I posted this last year on a different blog and decided to use it again because Dad is the model for Zeke in my soon-to-be-released novel, Sticks & Stones.
Thirty-six years ago, I observed my first father-less Father’s Day. Weeks earlier, on the day after I returned home from my junior year of college, my dad passed away. That morning, I’d heard him and my brothers talking as they ate breakfast before heading off to school and work. Regrettably, I decided not to get up and join them, preferring the luxury of sleeping in. That was my last chance to give Dad a hug, tell him I loved him and kiss him good-bye. And I missed it.Dad was a pastor at a time when ministry was considered an all-consuming, 24-7 calling. A pastor who gave himself wholly to the Lord’s work could trust God to make up for whatever neglect his family suffered. I didn’t understand until years later how difficult that was for my mom, but Dad’s devotion to the Lord had a profound effect on each of us kids.
Shortly after I was born, Dad accepted a position as full-time camp director at Lutherdale Bible Camp in Elkhorn, WI. School holidays and vacations meant camp was in session, and since Dad had no full-time assistant for the first 12 years, our family vacations consisted of visiting grandparents whenever a trip could be squeezed in. Summers especially kept Dad busy. He’d be up to ring the wake-up bell at 7 a.m., come home for a short nap in the afternoon, and then stay up until midnight to make sure all campers were in their cabins and asleep. We’d rarely see him at home during the summer, but I knew if I needed him, all I had to do was look in his camp office or somewhere on the grounds.
I never felt neglected because I knew without any doubt he’d be there if I needed him. He drove me to the hospital late one night when my appendix ruptured, staying through the emergency surgery until I was awake and back in my room. He was in the audience for my first band concert when everyone else in the family had other commitments.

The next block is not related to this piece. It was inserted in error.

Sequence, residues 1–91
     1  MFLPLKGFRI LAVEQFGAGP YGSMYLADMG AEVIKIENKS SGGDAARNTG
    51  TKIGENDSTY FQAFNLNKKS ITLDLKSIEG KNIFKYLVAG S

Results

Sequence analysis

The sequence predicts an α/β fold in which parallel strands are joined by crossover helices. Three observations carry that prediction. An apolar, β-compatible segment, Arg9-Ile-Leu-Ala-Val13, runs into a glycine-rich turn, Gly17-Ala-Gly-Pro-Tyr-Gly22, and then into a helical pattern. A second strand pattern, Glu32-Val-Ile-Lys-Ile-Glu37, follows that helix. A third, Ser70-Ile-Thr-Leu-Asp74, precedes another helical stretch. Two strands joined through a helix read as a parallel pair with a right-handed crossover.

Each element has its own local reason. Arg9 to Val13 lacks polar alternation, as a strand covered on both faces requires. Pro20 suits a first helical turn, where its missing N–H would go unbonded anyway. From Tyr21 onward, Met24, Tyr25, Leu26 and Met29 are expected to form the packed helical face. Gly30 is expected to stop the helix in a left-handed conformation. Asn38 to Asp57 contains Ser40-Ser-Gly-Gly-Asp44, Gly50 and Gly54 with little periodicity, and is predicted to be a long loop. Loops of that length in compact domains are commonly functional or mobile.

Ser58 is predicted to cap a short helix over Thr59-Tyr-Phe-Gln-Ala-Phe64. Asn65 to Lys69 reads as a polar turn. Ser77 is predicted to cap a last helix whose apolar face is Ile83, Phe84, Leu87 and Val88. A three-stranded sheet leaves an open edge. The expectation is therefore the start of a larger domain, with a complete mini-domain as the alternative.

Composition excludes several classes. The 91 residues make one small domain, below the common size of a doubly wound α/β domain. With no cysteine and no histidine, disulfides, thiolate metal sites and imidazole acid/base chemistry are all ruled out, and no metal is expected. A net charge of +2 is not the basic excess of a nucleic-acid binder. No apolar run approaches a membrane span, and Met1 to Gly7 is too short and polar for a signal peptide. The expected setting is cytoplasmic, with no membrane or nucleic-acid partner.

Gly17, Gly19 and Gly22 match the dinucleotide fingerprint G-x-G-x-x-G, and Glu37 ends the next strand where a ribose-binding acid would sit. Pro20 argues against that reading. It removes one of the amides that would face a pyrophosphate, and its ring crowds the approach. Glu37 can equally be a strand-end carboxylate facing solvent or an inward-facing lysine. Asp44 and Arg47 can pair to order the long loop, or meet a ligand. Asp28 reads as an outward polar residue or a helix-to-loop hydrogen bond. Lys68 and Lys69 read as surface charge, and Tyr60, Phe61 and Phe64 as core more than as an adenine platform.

Still, in many ways, Dad was a stranger to me until the summer I worked in the camp kitchen. There, in his work environment, I learned to know my dad. I saw his compassion for people who were hurting, his patience with those who sometimes appeared incompetent, his willingness to help anyone who needed a break. When the water pump broke one summer, I saw him carry pails of water from the lake to keep the toilets running, and I wondered that the camp director was willing to perform such a menial task.
Many times, the staff taught me who Dad was. One counselor, engaged to be married, told me how she went to him for advice on building a successful marriage. When she asked how to keep her husband interested in her year after year, he told her she’d need to ask my mom. Another staff member confessed to me how several of the counselors, wanting to work out some differences, had gone off campus late one night–a serious breach of rules. When Dad learned of it, he asked for verification. Embarrassed by the intentional disobedience, the counselor admitted it was true.
“I trust everything got worked out?” Dad asked.
“Good.” That was all Dad said about the matter, but the counselor never again broke the rules, never again wanted to betray Dad’s trust and feel his disappointment.
I was 21 when Dad died, still just a kid in many ways. I’ve missed knowing him as an adult. Missed his wisdom, his love, his humor. Now and then, at the supper table on a winter night, he’d tell us of an event he or someone he knew had experienced. Not until he spoke the punchline did we realize it was a joke. I suppose my family’s penchant for puns and jokes is a legacy from Dad.
My dad gave nearly 20 years of his life to the camp, but in the end, a rift in the governing board forced him out of his job. I never heard him express any anger or bitterness over the unjust end to his career. Never a word against any of those who forced him out. To this day, we don’t know all the factors that led to his dismissal. He never spoke of it, desiring above all that the camp continue in its ministry of teaching kids and adults of the love of Jesus Christ, our Savior.
A year and a half after leaving the camp, he was gone. Following his funeral, a woman who knew him from many years of attending family camp whispered in my ear, “Your dad didn’t die of a heart attack. He died of a broken heart.” I suspect she was right. But his heart was healed the moment he stepped into eternity. And ever since then, he’s been celebrating Father’s Day with his Heavenly Father.
Dad, if you can see this, thanks for your tender and unfailing love. Thanks for setting an example of integrity for us kids and for all who knew you. Thanks for modeling devotion to our Lord Jesus Christ.
Happy Father’s Day, Dad.